MT Business Travel: Frequent Flyer - Chris Pinnington's guide to Paris

HOW TO GET THERE - Even with the dawn of Eurostar, I prefer to fly with BA from Heathrow to Charles de Gaulle. It's slightly faster and normally on time, and you can enjoy a drink and arrive with more time to spend in the city. AIRPORT TO TOWN - By taxi ... and I order one if arriving at peak time, to avoid horrendous queues. It's about 45 minutes to central Paris.

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Last Updated: 31 Aug 2010

BEST HOTEL - The Saint James Paris 1 (43, avenue Bugeaud, +1 44 05 81 81) is wonderful. It's a glorious historic building approached by a sweeping drive and with heavenly, spacious rooms. It's a five-minute jog to the Bois de Boulogne, where you can run for miles alongside lakes, finishing on the Champs Elysees. I manage this only occasionally, but when I do, whatever happens in the day becomes bearable

BEST ROOM - Room 305, first floor at the Saint James. Unlike many French hotel rooms, it's airy, light and huge.

BEST BUSINESS RESTAURANT - Paris is overflowing with terrific restaurants to satisfy even the most particular palette or occasion. My favourites include Georges at the top of the Centre Georges Pompidou 2 (place Beaubourg, +1 44 7812 33), with great views and a lively atmosphere. For privacy, La Maison Blanche 3 (15, avenue Montaigne, +1 47 23 55 99) has good views and food, and well-spaced tables, allowing detailed business discussion.

Ask for a window table. Restaurant Helene Darroze 4 (4, rue d'Assas, +1 42 22 00 11) is great. The top female chef in Paris, Darroze has created a good balance of traditional-meets-chic. It also has a large private table available. L'Ami-Louis 5 (32, rue du Vertbois, +1 48 87 77 48), a small, cramped but unbelievably traditional French brasserie, is a good place to take locals. The red tables and warm reception make it down-to-earth and inviting. If you fancy la creme de la creme, try Le Stresa - London's Ivy 6 (7, rue Chambiges, +1 47 23 51 62). It's where you can find yourself lunching next to Tom Cruise or Bill Gates.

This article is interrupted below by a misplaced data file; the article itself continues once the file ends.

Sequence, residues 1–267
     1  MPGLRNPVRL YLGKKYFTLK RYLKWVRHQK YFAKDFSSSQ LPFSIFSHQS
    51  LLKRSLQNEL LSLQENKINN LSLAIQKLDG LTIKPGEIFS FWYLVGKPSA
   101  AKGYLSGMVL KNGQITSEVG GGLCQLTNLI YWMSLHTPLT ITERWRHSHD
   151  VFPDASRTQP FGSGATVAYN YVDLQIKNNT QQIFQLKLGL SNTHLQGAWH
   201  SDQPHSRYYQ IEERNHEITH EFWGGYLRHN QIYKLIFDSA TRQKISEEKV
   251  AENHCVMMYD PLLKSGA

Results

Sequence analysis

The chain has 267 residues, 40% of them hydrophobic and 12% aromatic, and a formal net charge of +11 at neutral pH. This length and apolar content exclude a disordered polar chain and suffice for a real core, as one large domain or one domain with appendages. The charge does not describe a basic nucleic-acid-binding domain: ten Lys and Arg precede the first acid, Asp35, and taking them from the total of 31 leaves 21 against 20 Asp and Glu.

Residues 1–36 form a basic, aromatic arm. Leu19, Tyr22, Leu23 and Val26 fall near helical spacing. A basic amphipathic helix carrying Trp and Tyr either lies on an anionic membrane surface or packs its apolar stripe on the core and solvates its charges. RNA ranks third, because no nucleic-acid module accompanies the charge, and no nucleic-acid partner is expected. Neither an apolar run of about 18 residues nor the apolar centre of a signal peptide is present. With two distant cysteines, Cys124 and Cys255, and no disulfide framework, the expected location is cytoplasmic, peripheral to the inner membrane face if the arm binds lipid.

BEST BARS - After busy meetings, finding a good bar can be the essential ingredient to a successful trip. From an aesthetic standpoint, try Le Andy Whaloo 7 (69, rue des Gravilliers) in the fashionable Marais, opened by Momo from Momo's and Sketch in London. The bar at the Hotel Prince de Galles 8 (33, avenue George V) also fits the aesthetics bill, as it boasts the best flower display in Paris (and serves a great brunch). The Ritz 9 (15, place Vendome) remains a traditional top venue for business drinks, but the bar at the Plaza Athenee 10 (25, avenue Montaigne) is fashionable at the moment. A personal favourite is the Sir Winston bar 11 (5, rue de Presbourg) for its cosy atmosphere.

A FEW HOURS TO KILL? - I'm a true jazz lover and Paris is full of great clubs. Make your way to one of my favourites, Castel 12 (15, rue Princesse). Castel is totally, utterly and completely French. They have dreamlike jazz in a small smoky room downstairs, where the beat is as likely to be taken up by a member of the audience with a beer bottle as a musician with a real instrument.

BUSINESS ETIQUETTE - The appreciation of good food is, of course, important to French culture and business. Most Anglo-Saxons are not perceived as sharing this interest, but if you do, it will count heavily in your favour. Food choices that will help include foie gras, magret de canard and andouillette.

And if you like your meat well done, don't order meat. I most enjoy the French business lunch. A formal and important event, it's the time for relationship-building and establishing contacts (and where much true 'business' takes place). Plan at least two or three hours and don't say: 'I have to rush back to the office.' Also, even if you aren't up for a drink, always accept a glass of wine (you'd be amazed how long slow sipping will last you). And save the business conversation for dessert. A final word to the wise: don't cut your lettuce or order ketchup. These crimes can never be undone!

SECRETS OF THE JET SET - Wherever you go on business, allow yourself two hours to enjoy the city by yourself. I manage this on only one out of 10 trips, but these are the ones I remember most fondly.

Chris Pinnington is chief executive of Euro RSCG Worldwide UK.

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